It also says it will retail for less than the price of a conventional car with a gasoline or diesel engine.
A charging time of 15 minutes is rumored.
Speaking to German newspaper WirtschaftWoche (Industry and Economy Week) recently, Volkswagen chairman Herbert Diess said the car would have the outside dimensions of the Golf but offer the interior space of the larger Passat.
Diess says it should be market ready in late 2018 or early 2019.
Diess reportedly has given company engineers free rein to create “the Volkswagen for the digital age” and challenged them to set new benchmarks for electric performance. In addition, he wants them to develop cutting edge connectivity and infotainment systems and style the car so it stands out from other cars on the road.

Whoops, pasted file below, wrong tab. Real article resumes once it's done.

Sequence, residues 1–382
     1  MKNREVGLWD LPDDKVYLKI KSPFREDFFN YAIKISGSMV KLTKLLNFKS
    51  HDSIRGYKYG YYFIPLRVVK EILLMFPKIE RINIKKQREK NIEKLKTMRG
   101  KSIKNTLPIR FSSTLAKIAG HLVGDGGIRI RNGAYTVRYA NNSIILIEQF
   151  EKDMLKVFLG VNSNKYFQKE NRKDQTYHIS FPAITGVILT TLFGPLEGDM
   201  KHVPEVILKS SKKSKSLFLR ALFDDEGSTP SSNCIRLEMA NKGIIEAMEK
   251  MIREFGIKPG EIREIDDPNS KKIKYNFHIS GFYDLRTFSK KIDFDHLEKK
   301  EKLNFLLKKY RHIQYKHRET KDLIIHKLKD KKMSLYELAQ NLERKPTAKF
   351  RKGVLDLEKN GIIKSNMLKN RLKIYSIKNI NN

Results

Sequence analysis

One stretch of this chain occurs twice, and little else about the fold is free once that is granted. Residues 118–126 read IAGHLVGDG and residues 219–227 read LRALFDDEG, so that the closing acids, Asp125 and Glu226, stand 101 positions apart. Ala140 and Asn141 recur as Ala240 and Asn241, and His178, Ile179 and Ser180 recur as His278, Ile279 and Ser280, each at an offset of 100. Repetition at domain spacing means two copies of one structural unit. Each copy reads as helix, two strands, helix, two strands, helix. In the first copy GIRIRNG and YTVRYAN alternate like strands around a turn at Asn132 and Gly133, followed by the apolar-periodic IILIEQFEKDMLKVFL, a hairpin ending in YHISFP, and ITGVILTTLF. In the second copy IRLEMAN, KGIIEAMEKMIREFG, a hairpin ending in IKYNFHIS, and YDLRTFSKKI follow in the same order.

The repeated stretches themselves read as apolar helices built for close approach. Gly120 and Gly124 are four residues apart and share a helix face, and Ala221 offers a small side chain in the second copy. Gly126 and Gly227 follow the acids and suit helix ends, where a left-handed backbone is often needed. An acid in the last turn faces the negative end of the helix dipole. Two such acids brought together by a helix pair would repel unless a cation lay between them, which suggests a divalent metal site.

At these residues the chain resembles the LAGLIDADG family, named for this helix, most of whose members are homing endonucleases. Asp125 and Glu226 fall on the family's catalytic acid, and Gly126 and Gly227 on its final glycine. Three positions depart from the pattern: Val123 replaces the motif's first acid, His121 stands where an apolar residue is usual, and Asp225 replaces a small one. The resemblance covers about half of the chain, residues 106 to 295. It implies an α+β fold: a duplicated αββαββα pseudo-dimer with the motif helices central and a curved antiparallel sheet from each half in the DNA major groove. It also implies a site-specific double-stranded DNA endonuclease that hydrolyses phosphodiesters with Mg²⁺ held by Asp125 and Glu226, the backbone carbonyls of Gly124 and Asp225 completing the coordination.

All this activity at Volkswagen has come as the result of the emissions cheating disaster that came to light a year ago. In an odd way, that debacle could be the spark Volkswagen needed to uncouple itself from its fossil fuel past and focus on its zero emission future. Many other car makers are paying lip service to the electric car revolution, but you can tell their heart really isn’t in it.
“We are using the current crisis to fundamentally realign the group,” VW Group CEO Matthias Müller says. “I feel we now have the chance to build a new and better Volkswagen.” The diesel engine was supposed to propel Volkswagen to the top of the world’s automotive manufacturers. How ironic would it be if the electric motor ends up doing for Volkswagen what the diesel engine never could?